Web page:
You can’t deny that there’s something a bit magical about a merry-go-round.
Sure, now that I’ve grown up it’s not as fun to ride one of the dancing horses that seem to plunge and leap as the carousel spins around to outdated organ music, but when I was a kid? Oh man. I always wanted to ride the prettiest horse I could find, preferably on the outside so I could grab the ring as I went flying by and throw it at the opening a few feet further down the track.
Of course, carousels today are simply rides at amusement parks all over the country, but 1,000 years ago a “carosella” or “little war”  was a game Arabian and Turkish horseman played on horseback.
When the Italian and Spanish Crusaders spotted the Arabian and Turkish horseman participating in this game, they brought it back to Europe and began playing it themselves. As the years went on, it transitioned into a fancy display of horsemanship that the French eventually dubbed “carrousel.”
One of the main events of the carrousel was the ring-spearing tournament. The rider or charioteer would gallop toward a small ring hanging from a tree or pole by ribbons, hoping to spear it with his lance.
About 300 years ago, a device was built in France that allowed people to train for ring-spearing. The device was “made of carved horses and chariots that were suspended by chains from arms radiating from a center pole," according to the International Museum of Carousel Art .
It’s more than likely that the carousel we know and love started there. In the late 1700s, there were many carousels around Europe that were built for pleasure. They were small and lightweight, and mules, horses or men powered the rotation.
The Oldest Existing Carousel
The world’s oldest carousel  is located in Hanau, Germany, and was built in 1780. It outdates the carousels built in the United States by 100 years. It was built for Prince Wilhelm IX of Hessen-Kassel and was partially funded by supplying Hessian soldiers to England. A 1780 report stated "the ladies ride in gilded carriages of the gods, which Juno herself would not have been ashamed to ride, while the men ride on similarly outfitted horses."
The Hanau carousel originally featured two chariots with horses pulling them and two riding horses. It was rebuilt in 1882 and now has four chariots, each with two horses, and two pairs of riding horses. Men powered the original carousel, but after the 1882 restoration, the story goes that the power source switched to a horse and a blind mule circling under the platform.
Franz Ludwig Cancrin designed the carousel and the building in which it’s currently housed. Cancrin was a mining engineer and used his expertise to create the mechanism. He built an artificial hill under the carousel and large mill spokes radiate outward to turn the horses and chariots. The floor is made of three parts: an outside walkway that is connected to the outside columns and pillars, a stationary inner platform, and a narrow 14-centimeter circle between the fixed elements that moves. The horses and chariots sit on the band, and the inner platform hangs from the roof and does not connect to the ground structure.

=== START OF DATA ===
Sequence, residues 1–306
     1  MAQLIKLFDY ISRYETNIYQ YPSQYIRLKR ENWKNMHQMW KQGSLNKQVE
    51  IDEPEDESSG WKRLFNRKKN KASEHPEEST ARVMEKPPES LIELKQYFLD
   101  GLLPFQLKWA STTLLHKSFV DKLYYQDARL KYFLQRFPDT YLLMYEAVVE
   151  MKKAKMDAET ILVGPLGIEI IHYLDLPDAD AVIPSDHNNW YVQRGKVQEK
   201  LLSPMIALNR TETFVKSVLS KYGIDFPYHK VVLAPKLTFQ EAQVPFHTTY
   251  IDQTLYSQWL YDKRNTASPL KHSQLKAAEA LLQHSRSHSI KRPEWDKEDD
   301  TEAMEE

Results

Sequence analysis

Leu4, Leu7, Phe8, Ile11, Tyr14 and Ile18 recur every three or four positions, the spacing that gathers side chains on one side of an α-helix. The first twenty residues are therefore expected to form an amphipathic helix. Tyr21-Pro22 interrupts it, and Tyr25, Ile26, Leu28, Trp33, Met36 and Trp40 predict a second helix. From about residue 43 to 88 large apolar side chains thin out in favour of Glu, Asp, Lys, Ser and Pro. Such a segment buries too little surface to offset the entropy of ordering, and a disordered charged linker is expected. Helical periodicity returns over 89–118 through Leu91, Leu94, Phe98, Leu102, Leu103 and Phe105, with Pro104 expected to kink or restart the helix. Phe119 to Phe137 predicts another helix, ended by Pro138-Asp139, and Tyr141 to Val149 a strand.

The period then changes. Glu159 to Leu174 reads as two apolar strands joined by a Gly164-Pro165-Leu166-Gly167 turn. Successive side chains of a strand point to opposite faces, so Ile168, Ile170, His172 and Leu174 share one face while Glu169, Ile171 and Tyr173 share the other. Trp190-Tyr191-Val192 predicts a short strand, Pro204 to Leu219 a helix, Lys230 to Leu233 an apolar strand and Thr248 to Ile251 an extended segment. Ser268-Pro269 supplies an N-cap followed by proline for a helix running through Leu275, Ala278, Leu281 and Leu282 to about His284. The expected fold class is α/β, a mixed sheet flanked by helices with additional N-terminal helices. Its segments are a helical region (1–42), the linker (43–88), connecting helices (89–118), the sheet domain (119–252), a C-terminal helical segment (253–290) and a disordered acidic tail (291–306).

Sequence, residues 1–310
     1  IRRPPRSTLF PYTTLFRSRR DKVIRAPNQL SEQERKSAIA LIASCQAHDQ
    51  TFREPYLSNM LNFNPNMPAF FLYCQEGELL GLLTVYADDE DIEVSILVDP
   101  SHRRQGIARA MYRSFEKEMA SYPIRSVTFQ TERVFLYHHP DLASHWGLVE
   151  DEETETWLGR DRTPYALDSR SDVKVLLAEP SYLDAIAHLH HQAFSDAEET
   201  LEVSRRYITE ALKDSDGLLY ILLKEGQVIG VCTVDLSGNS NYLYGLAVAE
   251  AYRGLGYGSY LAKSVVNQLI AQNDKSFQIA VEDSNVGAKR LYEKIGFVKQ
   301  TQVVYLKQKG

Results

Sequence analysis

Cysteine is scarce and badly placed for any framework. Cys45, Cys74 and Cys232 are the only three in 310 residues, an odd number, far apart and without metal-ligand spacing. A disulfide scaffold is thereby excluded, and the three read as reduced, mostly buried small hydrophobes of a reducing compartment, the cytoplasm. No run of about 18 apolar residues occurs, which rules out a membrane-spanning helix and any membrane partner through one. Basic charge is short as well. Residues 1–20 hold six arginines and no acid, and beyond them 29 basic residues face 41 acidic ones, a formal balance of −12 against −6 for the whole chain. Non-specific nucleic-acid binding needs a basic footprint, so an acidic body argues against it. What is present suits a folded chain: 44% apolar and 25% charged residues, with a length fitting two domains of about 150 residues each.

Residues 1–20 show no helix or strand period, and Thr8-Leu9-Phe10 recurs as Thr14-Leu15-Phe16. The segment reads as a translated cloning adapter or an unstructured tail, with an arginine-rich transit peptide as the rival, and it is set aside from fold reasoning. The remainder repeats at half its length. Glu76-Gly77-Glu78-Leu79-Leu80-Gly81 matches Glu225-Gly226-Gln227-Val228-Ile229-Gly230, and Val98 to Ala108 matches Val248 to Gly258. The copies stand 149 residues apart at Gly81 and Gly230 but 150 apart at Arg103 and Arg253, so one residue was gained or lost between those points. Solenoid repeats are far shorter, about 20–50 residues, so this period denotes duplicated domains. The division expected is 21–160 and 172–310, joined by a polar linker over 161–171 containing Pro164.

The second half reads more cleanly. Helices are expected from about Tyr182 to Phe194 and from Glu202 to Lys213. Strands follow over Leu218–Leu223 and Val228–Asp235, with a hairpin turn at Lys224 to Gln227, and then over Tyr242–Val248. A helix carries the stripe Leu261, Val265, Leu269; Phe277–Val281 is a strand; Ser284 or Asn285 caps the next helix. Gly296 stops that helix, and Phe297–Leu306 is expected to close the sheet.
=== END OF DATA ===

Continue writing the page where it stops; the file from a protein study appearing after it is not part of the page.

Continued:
Of course, after 200 years, the roof and platform have shifted enough that the elements grind together, and the carousel hasn’t operated since 1932. However, restoration efforts began on Sept. 30 after several years of fundraising.
Gustav Dentzel was the first person to being building carousels in the United States in the 1860s. He moved to the United States as a cabinet-maker from Germany when he was 20, but his father had carved carousel horses, and he soon took up the trade in his new home.
Soon hundreds of carousels began popping up in amusement parks all over the country.
Carousels had their glory days until the 1930s, when they saw a decline due to the Great Depression. Many carousel companies closed or transitioned to other industries, and many carousels were destroyed or left behind.
Of course, as the economy bounced back, carousels became popular again. But instead of carving the rides out of wood, aluminum and fiberglass became the material of choice. And since bigger and better rides were appearing in parks, the carousel no longer served as the main attraction.
A Collector's Item
In the 1970s, carousels became popular again for a different reason. People realized their value as collector’s items, and the beautiful carved animals were suddenly worth thousands of dollars. Antique dealers would purchase intact carousels and dismantle them, selling each of the unique pieces for a large profit.
More than 4,000 carousels were built in America at one time, but fewer than 150 exist today. Organizations such as the International Museum of Carousel Art , the C.W. Parker Carousel Museum  and the National Carousel Association  have formed to keep these unique pieces of American history alive with conservation and restoration efforts.
Carousels such as the Looff Carrousel  in Spokane, Wash., Cafesjian’s Carousel  in St. Paul, Minn., and the St. Louis Carousel  in Chesterfield, Mo., all serve as beautiful reminders of the rich heritage of carousels in our country.
One of web writer Coree Reuter’s favorite parts of working at The Chronicle of the Horse is adventuring up into the attic. While it's occasionally a journey that requires a head lamp, GPS unit and dust mask, nearly 75 years of the equine industry is documented in the old issues and photographs that live above the offices, and Coree is determined to unearth the great stories of the past. Inspired by the saying: "History was written on the back of a horse," she hopes to demystify the legends, find new ones and honor the horses who have changed the scope of everyday life with this blog.
Curious about anything in particular? Have a question or an interesting topic? Please e-mail Coree , she'd love to hear from you!